Machining the 6 degree angle on the slide plate

The spring plate is made from 5/16″ gauge plate and has all the angles of the horn plates to be machined as it has to slide up and down the horn blocks as well as tranferring the loco weight onto the axle box. The final fit of this between the horns of this plate was down to hand finishing to get a free sliding plate but without slop.

Having got the four plates basically made I then machined the inclined planes. The first was the slide plate. I used my tilt and turn machine vice set a tilt of 6 degrees and a pair of paralles under the plate in the vice jaws. Then just milled the surface and then back at the bench used a diamoned wet stone to put a nice finish on the surface.


Machining the slot in the spring plate

The spring plate was set up in the machine vice the same way but now the vice was swung to 17 degrees. The slot was then milled out and again on the bench finished off with a diamond wet stone.

The next test was to try the assemblies in the horns to see that the axle boxes moved freely. One did the other did not which seemed to be due to the slide plate jamming in the horn although it was quite free without the spring plate in place. The only reason that this could occur was for the angle of the slot in the spring plate being slightly out I thought. As the slide plate is not yet screwed down to the axle box  this needs to be done before finding a solution ……… however I made the axle box keeps which are a single 5/32″ bolt through lugs at the bottom and with these in place and the axle properly assembled in the axle boxes the whole assembly seemed to work well when the axle boxes were at the bottom of their travel. So why the jam earlier? well I put it down to not having the axle properly fixed into the axle boxes and the axle boxes not being level across the frames. This raised a question in my mind as to what happens when one wheel rides higher than the other for any reason? I doubt that the full travel of the axle box in the horn vertically would occur with the other side at the bottom and trying the assembly with just a very small amount of misalignment seemed to result in satisfactory movement. What actually seemed to jam was the spring plate as that has to follow the horn block profile and being a reasonable fit as soon as it twists then it tends to jam. Perhaps a bit more clearance on the profile will be better.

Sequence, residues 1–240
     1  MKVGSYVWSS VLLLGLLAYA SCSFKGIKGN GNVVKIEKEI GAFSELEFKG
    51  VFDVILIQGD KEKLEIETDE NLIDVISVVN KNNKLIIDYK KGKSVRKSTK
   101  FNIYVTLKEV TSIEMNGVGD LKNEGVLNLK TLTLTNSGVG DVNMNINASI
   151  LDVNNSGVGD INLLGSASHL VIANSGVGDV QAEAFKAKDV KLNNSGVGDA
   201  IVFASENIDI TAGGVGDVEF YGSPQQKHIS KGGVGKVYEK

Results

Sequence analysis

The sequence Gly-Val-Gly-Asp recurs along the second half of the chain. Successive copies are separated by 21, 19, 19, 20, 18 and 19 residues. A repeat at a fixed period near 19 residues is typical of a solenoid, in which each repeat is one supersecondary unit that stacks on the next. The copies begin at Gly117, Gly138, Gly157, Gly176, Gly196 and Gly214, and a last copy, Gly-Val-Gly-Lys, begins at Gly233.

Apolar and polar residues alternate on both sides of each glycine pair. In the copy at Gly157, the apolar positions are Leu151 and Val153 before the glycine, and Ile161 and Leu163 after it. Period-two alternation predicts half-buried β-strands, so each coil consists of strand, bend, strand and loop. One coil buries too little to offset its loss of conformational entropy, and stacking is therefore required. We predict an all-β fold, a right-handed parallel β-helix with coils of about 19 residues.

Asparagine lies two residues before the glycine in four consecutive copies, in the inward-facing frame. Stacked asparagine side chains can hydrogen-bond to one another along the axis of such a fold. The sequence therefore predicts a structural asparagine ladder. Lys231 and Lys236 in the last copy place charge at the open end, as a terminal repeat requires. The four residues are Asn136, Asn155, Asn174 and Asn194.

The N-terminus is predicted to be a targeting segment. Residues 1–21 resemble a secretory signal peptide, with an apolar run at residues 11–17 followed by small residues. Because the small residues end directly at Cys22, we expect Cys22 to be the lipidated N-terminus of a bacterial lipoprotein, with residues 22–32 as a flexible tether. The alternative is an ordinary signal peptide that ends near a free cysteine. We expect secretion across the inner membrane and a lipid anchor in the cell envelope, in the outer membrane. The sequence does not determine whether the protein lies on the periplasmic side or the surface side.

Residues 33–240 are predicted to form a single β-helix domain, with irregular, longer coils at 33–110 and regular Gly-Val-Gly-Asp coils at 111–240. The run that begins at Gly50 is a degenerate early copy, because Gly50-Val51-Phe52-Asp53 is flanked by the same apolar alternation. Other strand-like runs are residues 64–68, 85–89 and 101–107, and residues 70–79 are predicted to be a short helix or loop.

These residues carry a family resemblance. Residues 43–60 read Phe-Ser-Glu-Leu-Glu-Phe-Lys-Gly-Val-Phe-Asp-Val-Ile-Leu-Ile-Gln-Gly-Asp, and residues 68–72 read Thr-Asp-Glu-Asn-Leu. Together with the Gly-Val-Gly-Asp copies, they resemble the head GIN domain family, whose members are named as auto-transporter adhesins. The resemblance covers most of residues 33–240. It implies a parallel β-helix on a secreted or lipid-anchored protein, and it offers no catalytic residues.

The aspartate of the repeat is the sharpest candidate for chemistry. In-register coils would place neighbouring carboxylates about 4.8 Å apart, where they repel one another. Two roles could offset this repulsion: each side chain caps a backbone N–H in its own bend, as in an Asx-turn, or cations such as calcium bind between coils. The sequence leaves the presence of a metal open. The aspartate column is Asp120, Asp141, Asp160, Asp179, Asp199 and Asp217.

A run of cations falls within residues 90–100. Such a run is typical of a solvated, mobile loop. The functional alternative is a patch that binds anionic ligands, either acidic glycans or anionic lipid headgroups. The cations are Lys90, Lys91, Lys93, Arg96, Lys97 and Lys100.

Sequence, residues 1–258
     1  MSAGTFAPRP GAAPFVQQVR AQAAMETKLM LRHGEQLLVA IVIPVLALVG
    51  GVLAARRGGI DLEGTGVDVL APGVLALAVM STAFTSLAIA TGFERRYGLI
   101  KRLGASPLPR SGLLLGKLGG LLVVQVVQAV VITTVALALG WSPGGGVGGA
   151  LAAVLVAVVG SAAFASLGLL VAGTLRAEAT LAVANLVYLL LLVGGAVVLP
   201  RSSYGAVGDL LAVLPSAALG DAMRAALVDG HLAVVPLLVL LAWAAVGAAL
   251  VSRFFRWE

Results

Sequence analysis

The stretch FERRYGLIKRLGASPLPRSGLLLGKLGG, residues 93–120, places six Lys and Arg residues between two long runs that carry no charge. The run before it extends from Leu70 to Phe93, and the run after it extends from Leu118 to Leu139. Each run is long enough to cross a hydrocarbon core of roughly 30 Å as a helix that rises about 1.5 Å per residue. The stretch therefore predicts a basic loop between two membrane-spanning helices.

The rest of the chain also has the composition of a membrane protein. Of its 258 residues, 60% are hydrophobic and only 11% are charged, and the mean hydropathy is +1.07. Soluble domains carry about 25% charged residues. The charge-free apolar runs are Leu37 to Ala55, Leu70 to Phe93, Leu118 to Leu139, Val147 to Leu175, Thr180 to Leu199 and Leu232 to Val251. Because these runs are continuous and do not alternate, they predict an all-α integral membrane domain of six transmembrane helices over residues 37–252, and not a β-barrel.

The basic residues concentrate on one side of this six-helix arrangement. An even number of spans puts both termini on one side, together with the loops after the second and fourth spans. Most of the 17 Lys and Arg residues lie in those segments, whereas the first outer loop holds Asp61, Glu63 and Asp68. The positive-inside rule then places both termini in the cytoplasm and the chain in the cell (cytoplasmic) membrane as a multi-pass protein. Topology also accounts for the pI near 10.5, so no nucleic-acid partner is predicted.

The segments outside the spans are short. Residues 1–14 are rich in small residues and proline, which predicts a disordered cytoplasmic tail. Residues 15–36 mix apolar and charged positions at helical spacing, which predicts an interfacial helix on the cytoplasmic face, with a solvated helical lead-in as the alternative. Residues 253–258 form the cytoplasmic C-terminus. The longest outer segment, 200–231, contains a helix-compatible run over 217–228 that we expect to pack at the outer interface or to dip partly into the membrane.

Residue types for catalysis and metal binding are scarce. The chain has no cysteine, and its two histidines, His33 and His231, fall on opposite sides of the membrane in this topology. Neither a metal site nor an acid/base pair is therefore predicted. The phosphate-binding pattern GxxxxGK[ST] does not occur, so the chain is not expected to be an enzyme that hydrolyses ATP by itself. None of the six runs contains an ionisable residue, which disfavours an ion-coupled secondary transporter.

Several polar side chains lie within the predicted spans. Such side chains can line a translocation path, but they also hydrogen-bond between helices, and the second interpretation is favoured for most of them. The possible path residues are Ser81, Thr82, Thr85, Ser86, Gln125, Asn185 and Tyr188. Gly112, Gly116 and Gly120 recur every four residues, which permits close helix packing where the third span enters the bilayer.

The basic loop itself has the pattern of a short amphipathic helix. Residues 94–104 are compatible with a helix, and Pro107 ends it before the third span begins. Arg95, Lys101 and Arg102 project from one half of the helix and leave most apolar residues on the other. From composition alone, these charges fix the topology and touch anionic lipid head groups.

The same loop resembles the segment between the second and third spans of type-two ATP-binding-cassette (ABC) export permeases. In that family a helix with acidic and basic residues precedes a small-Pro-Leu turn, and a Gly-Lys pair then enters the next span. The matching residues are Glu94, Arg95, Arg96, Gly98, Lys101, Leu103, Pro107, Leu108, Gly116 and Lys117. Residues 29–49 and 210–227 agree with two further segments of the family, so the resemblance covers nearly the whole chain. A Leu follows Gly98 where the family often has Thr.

The slide plates before having the 6 degree angle machined

The spring plate has a pin (the centre pop marks can be seen where it is located) which acts a spring retainer and a guide that fits into the dummy spring. I decided to leave fitting this unti the dummy spring assembly was fitted to the frame so I could check the centres were aligned. With everything assembled I relieved the spring plate clearance in the horn blocks by a couple of thou and that removed any tendancy for it to jam. The effect of this was to allow the spring block to move laterally in the horn block by the clearance. This confirmed to me that it was the angle of the recess in the spring plate being very slightly out compared to the slide plate that was causing the jam as the axle moved in and out. Anyway all is assembled and sliding OK both in and out and up and down.


The finished cartazzi axle box less the spring locating  pin